Get 20M+ Full-Text Papers For Less Than $1.50/day. Start a 14-Day Trial for You and Your Team.

Learn More →

Soil properties evaluation in horticultural farms of Florencio Varela, Buenos Aires, Argentina

Soil properties evaluation in horticultural farms of Florencio Varela, Buenos Aires, Argentina The south of the green belt of Buenos Aires is one of the most important producers of fresh vegetables in the province. Only few of the horticultural farmers receive professional agronomic advice. For this reason, an excess of supplies are being used, irrigation water quality is unknown and soils are not analyzed. The aim of this work was to evaluate chemical and physico-chemical characteristics of soils from Florencio Varela, Buenos Aires Argentina, which have not been cultivated for over 20 years (NC), under open-Fields Cultivation systems (FC) and under Greenhouses Cultivation systems (GC). The variables analyzed were: pH in water (pH), Electrical Conductivity (EC), Total Nitrogen (TN), Extractable Phosphorus (EP), Total Oxidizable Carbon (TOC), Oxidizable Carbon associated to Mineral fraction (MOC) and Particulate Oxidizable Carbon (POC). The results showed excess of EP, high pH and loss of oxidizable carbon for FC and GC with respect to NC. Furthermore, an incipient salinity was found in GC. Under FC, EC and TN were lower than GC, probably associated with leaching due to rain. Overfertilization is common in horticultural farming in the green belt, where the worst-case scenario is represented by phosphorus due to its low mobility and high residuality. The problems detected show the need for chemical analysis on soils and irrigation water. This will avoid imbalances due to overfertilization and the use of unsuitable water, thereby preventing soil degradation and aquifer contamination. http://www.deepdyve.com/assets/images/DeepDyve-Logo-lg.png Environmental Earth Sciences Springer Journals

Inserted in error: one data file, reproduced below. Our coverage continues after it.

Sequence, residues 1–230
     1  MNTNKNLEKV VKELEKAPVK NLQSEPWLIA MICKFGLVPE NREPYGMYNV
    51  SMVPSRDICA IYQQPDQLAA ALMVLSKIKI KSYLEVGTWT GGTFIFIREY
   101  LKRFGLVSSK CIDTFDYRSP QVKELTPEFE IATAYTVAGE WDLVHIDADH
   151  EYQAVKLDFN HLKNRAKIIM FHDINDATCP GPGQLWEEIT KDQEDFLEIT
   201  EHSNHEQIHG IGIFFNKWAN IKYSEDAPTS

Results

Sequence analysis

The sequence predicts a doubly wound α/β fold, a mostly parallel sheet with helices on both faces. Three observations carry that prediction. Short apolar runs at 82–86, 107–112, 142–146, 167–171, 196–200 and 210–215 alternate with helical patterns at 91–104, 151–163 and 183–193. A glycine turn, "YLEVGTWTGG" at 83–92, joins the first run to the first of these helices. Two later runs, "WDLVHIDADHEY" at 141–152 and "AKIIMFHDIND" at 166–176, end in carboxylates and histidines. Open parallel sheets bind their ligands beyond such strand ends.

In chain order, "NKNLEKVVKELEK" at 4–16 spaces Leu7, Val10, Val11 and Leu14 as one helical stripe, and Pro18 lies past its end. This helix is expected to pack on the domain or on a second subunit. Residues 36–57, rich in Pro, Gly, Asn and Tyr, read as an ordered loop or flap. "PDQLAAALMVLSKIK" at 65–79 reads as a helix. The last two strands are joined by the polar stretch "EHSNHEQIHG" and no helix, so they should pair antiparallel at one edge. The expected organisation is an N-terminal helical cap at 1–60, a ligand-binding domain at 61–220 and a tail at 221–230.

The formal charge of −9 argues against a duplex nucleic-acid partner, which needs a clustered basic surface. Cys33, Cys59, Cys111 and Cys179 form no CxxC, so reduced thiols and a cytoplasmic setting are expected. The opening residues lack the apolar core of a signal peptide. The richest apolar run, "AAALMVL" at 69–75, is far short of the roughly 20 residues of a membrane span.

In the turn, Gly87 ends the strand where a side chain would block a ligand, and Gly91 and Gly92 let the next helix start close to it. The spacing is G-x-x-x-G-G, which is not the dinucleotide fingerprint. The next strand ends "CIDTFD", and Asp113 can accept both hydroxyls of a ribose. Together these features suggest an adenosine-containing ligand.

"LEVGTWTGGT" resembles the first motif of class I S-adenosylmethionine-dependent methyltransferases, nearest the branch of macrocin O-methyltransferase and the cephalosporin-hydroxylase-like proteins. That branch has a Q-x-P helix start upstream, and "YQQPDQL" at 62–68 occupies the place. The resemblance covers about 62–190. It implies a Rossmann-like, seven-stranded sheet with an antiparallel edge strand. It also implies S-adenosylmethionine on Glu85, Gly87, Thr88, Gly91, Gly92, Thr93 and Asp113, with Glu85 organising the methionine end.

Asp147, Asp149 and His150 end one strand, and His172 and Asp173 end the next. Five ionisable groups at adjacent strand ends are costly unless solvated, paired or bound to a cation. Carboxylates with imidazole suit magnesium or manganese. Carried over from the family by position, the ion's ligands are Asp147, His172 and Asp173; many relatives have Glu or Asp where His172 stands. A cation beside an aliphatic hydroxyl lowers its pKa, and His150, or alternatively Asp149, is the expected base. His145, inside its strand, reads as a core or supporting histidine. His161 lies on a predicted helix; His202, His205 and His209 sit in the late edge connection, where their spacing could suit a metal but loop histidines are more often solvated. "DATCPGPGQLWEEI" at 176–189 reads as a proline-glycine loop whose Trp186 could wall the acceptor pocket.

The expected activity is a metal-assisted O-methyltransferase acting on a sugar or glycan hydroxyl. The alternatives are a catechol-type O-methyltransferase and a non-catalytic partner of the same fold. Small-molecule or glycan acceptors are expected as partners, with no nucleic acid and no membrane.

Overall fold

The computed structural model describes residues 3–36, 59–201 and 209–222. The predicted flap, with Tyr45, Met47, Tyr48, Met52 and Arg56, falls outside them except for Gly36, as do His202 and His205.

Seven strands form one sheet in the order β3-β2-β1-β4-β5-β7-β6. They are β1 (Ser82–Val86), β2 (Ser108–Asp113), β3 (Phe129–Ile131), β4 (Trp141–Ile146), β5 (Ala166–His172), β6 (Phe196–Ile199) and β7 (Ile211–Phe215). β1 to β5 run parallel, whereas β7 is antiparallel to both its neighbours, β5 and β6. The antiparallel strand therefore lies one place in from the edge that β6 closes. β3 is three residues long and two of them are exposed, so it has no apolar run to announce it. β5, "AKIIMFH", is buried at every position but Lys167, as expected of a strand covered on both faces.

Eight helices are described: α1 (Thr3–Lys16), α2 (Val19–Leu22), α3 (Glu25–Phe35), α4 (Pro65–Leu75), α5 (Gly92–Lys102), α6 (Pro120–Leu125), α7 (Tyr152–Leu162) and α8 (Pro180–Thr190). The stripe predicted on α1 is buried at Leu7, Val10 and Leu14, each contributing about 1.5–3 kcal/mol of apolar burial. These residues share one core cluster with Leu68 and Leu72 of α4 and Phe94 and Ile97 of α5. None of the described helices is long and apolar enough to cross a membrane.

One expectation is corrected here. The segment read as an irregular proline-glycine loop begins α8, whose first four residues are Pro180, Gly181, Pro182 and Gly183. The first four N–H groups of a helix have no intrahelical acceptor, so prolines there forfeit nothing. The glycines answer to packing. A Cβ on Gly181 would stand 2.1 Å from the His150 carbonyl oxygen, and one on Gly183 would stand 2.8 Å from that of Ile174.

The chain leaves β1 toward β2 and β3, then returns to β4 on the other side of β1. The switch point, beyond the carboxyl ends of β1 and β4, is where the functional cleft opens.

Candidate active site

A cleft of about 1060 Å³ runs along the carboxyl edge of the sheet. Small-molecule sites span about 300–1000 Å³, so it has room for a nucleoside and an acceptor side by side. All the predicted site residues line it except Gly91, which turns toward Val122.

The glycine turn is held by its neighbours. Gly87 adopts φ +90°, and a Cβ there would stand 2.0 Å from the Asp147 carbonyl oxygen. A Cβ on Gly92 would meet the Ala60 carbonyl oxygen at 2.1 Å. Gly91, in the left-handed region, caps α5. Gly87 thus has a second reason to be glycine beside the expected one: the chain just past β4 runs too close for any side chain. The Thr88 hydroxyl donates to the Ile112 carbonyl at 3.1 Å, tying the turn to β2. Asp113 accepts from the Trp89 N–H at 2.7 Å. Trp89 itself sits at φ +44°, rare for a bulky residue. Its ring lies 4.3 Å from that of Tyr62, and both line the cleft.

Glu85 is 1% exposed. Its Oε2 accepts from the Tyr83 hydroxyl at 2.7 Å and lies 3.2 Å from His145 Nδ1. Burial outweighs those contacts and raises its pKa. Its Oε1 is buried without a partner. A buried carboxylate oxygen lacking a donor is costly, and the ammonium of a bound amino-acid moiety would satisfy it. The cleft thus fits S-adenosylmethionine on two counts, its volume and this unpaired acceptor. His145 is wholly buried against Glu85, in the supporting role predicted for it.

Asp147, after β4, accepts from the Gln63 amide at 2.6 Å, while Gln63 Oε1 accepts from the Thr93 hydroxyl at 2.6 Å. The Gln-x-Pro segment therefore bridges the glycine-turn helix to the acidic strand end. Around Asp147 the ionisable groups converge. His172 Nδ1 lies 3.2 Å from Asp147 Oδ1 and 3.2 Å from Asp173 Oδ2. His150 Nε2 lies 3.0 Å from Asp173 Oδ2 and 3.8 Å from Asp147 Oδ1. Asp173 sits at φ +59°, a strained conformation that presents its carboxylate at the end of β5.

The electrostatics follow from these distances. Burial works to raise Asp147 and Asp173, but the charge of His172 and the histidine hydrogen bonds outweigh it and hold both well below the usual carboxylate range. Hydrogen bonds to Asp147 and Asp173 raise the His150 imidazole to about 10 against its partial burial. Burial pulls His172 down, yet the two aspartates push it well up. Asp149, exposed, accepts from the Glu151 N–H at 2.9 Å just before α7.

Soil properties evaluation in horticultural farms of Florencio Varela, Buenos Aires, Argentina

Loading next page...
 
/lp/springer-journals/soil-properties-evaluation-in-horticultural-farms-of-florencio-varela-ivGQnKxyPo
Publisher
Springer Journals
Copyright
Copyright © 2018 by Springer-Verlag GmbH Germany, part of Springer Nature
Subject
Earth Sciences; Geology; Hydrology/Water Resources; Geochemistry; Environmental Science and Engineering; Terrestrial Pollution; Biogeosciences
ISSN
1866-6280
eISSN
1866-6299
DOI
10.1007/s12665-018-7568-2
Publisher site
See Article on Publisher Site

Abstract

The south of the green belt of Buenos Aires is one of the most important producers of fresh vegetables in the province. Only few of the horticultural farmers receive professional agronomic advice. For this reason, an excess of supplies are being used, irrigation water quality is unknown and soils are not analyzed. The aim of this work was to evaluate chemical and physico-chemical characteristics of soils from Florencio Varela, Buenos Aires Argentina, which have not been cultivated for over 20 years (NC), under open-Fields Cultivation systems (FC) and under Greenhouses Cultivation systems (GC). The variables analyzed were: pH in water (pH), Electrical Conductivity (EC), Total Nitrogen (TN), Extractable Phosphorus (EP), Total Oxidizable Carbon (TOC), Oxidizable Carbon associated to Mineral fraction (MOC) and Particulate Oxidizable Carbon (POC). The results showed excess of EP, high pH and loss of oxidizable carbon for FC and GC with respect to NC. Furthermore, an incipient salinity was found in GC. Under FC, EC and TN were lower than GC, probably associated with leaching due to rain. Overfertilization is common in horticultural farming in the green belt, where the worst-case scenario is represented by phosphorus due to its low mobility and high residuality. The problems detected show the need for chemical analysis on soils and irrigation water. This will avoid imbalances due to overfertilization and the use of unsuitable water, thereby preventing soil degradation and aquifer contamination.

Journal

Environmental Earth SciencesSpringer Journals

Published: May 31, 2018

References